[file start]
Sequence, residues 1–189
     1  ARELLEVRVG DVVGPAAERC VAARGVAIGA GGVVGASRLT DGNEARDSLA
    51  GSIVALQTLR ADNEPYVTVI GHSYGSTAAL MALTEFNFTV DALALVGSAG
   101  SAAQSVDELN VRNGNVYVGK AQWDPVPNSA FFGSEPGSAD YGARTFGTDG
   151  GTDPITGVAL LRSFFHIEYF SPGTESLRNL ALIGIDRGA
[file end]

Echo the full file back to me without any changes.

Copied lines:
Sequence, residues 1–189
     1  ARELLEVRVG DVVGPAAERC VAARGVAIGA GGVVGASRLT DGNEARDSLA
    51  GSIVALQTLR ADNEPYVTVI GHSYGSTAAL MALTEFNFTV DALALVGSAG
   101  SAAQSVDELN VRNGNVYVGK AQWDPVPNSA FFGSEPGSAD YGARTFGTDG
   151  GTDPITGVAL LRSFFHIEYF SPGTESLRNL ALIGIDRGA